Boring statistics today. Do you know the Wine Business International? Largely unknown to the wine lover, this bimonthly magazine enjoys a steady following within the wine trade. It is considered a trustworthy source of information on market trends, interviews with industry leaders and analyses of the wine market in different countries. I think all of its articles are available online for free, which is another advantage.
Well, in the last edition of the WBI, there’s an overview of the Polish market written by Jarosław Adamowski (see online version here). And, I’m sorry to say, it is just an appalling piece of work. Full of factual errors, it essentially provides readers with false information.
The author makes the fundamental error of using unreliable data collated from several contradictory sources. Hilariously, he writes in one sentence, “Between December 2011 and November 2012, Polish clients purchased about 111.9m litres of wine,” and in the next, “The average Pole consumes about 7.2 L of wine per year”. Given that the population of Poland in 2011 was exactly 38,538,447, the latter figure would put the consumption at over 277m litres. Well?? A bit later in the text, the author states, “87.8m L of still wine were imported by Poland in 2011”. So the reader is left to wonder whether Poland actually produces the balance?
The answer lies in the somewhat geeky but vitally important structure of wine consumption in Poland. According to IWSR data, over 232m litres were consumed in 2012, but not all of it was proper “wine”. There was 98.5m L “still light wine” (which is the imported grape wine we all drink and which is of exclusive interest to WBI readers) but as much as 84m L of “other wine”, i.e. industrial fruit wine made in Poland that is on the decline but still makes up a large proportion of the market. There was also 14m L of “aperitif wine” (=vermouth) and 35m L of “sparkling wine”, of which only 15% was proper imported sparkling wine, and 85% industrial fizzy alcoholic drink made in Poland from imported grape musts. Any article on the Polish wine market that fails to distinguish between these categories is good for the trash.
According to another interesting statistic that I obtained from the IWSR, the per capita consumption in Poland in 2011 was indeed 7.2 L for “wine” as a whole but only 2.89 L for “still light wine”. That’s a major difference that should have been clarified in the article. You can quote either figure, but don’t mix them up: when the WBI says, “The average Pole consumes about 7.2 L of wine per year, which leaves them far behind neighbours in Germany (25.9 L), and also Romania (13.3L), or even Lithuania at 12.6L”, it does exactly that, because the figure for Germany and Romania refers to “still light wine” while that for Lithuania and Poland is total “wine”.
In a nutshell, you can’t build an article on data quoted freely from Ambra S.A., Biedronka (who are two wine distributors), Nielsen, Euromonitor, IWSR, and the Central Statistical Office of Poland (GUS) without addressing the fundamental differences in their methodology. GUS makes no distinction between imported wine and local fruit wine. Nielsen, whose Polish market report is notoriously unreliable, base their estimates on data they obtain from supermarkets, ignoring the traditional off-trade (50K smaller grocery and liquor stores) as well as 100% of the on-trade, i.e. more than 50% of the wine market in Poland. In my experience, the only truly reliable report for Poland is made by the IWSR, which is cross-checked between import and export statistics for the entire market. But surely Mr. Adamowski should have known that?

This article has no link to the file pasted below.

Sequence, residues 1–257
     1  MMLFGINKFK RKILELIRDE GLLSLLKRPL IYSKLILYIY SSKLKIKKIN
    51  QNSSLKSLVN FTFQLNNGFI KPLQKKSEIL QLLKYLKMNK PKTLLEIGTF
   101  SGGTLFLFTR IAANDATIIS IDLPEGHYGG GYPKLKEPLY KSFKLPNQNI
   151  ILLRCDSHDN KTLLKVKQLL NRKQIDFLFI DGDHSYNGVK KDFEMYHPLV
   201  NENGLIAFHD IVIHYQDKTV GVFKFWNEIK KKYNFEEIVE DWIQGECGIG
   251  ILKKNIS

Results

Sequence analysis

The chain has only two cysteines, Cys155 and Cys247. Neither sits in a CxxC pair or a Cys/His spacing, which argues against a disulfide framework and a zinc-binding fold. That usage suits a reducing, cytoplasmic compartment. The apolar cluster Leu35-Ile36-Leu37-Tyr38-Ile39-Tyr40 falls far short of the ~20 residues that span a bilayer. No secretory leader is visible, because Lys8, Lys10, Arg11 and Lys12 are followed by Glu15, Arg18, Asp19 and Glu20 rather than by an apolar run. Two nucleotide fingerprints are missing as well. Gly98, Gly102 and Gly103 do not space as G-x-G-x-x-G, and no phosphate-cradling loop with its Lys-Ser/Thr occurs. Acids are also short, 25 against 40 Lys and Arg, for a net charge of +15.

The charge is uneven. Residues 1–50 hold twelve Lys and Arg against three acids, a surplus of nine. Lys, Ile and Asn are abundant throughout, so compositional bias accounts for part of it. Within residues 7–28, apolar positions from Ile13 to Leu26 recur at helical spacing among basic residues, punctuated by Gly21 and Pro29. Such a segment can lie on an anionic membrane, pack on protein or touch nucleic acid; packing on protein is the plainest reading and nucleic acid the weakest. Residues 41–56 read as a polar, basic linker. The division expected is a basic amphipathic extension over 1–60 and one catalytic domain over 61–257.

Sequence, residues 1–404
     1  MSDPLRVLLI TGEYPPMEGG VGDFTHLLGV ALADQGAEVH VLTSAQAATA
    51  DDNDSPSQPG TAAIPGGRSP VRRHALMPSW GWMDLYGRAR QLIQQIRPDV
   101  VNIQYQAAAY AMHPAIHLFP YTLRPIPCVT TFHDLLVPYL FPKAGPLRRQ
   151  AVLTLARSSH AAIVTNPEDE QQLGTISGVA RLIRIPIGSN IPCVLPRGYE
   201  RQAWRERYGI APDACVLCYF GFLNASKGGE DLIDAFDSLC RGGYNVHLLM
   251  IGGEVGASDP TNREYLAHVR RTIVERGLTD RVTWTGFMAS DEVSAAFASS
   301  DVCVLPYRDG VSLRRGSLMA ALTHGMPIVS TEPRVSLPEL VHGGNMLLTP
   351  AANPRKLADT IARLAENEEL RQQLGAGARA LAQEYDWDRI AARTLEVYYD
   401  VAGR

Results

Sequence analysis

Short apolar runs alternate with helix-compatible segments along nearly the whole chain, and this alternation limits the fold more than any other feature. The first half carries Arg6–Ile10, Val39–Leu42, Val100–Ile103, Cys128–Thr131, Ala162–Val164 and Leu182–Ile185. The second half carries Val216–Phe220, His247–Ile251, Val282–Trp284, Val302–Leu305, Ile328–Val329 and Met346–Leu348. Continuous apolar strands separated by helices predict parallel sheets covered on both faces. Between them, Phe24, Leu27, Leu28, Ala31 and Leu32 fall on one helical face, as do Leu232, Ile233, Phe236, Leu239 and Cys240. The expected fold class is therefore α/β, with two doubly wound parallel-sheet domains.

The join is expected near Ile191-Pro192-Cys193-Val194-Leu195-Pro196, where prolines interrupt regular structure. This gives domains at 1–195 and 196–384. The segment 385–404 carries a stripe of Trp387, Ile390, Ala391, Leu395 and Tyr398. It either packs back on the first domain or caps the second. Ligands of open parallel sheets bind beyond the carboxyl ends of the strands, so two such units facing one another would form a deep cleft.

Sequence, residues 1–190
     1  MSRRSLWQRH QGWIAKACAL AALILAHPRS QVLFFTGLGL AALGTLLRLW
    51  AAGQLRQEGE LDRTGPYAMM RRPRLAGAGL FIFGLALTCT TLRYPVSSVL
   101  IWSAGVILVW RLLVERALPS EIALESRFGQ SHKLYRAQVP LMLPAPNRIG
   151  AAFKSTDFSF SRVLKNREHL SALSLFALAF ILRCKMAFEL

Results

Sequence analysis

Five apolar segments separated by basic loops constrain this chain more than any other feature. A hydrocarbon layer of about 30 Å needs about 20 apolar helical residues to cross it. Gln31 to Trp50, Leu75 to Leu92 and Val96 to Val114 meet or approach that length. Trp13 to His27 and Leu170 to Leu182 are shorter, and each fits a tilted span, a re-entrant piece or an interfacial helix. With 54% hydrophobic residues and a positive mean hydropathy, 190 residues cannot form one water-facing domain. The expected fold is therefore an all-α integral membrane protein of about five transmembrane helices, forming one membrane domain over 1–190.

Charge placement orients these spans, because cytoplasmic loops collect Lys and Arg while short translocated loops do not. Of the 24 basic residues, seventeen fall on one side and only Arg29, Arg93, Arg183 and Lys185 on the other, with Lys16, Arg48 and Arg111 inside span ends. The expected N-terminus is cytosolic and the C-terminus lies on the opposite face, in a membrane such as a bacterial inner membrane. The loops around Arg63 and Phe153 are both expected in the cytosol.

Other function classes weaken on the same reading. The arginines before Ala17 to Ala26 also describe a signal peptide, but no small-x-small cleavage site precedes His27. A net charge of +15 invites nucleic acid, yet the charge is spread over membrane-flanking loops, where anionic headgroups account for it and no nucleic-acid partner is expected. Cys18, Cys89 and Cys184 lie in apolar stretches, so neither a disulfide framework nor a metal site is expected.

Mr. Adamowski is even unable to quote the current excise rate correctly, citing 158 PLN per 1,000 litres where in fact it is per hectolitre (100 litres). Admittedly, that makes a difference. And he has very vague ideas about the reality of the Polish market. Quoting Dobrewina.pl, La Passion du Vin and Vinifera as the “largest wine store chains in Poland” is naïve in the extreme, and outdated: Vinifera currently lists 5 shops on their website instead of 19, to quote just one example. There are also a number of inaccuracies in the references to Polish vineyards and wine producers. When Mr. Adamowski writes “In May 2011, the parliament passed a bill that allows Polish grape growers to produce and sell up to 10,000 litres of wine per year without any additional administrative formalities” clearly he hasn’t even bothered to perform a Google search, from which he could learn that Polish vintners need to send some 30 declarations and certificates to the authorities each year.
Even the most generic information in this article is quoted without proper comment. The article quotes Euromonitor International in saying “Polish wine sales expected to rise by as much as 8.3% in 2013 … 2014 will bring a further 8.9% increase”. Well, that’s frankly overoptimistic given that 2012 registered something closer to +4%, and 2013 is announced as the toughest year on record for the Polish economy (some forecasts even mentioning negative growth). You’d expect the author of such an article to offer commentary rather than just quote whatever people offer him.
Authors vary in competence but in the end, are just humans, and can make mistakes or misinterpret data. It happens to me too. However, in good old times – by which I mean the 20th century – magazines had editors who were paid to double-check their contributors on facts and figures. They were educated in good old-fashioned schools thereby learning such complicated terms as “hectolitre”. I dread to think the Wine Business International is now firmly in the 21st century.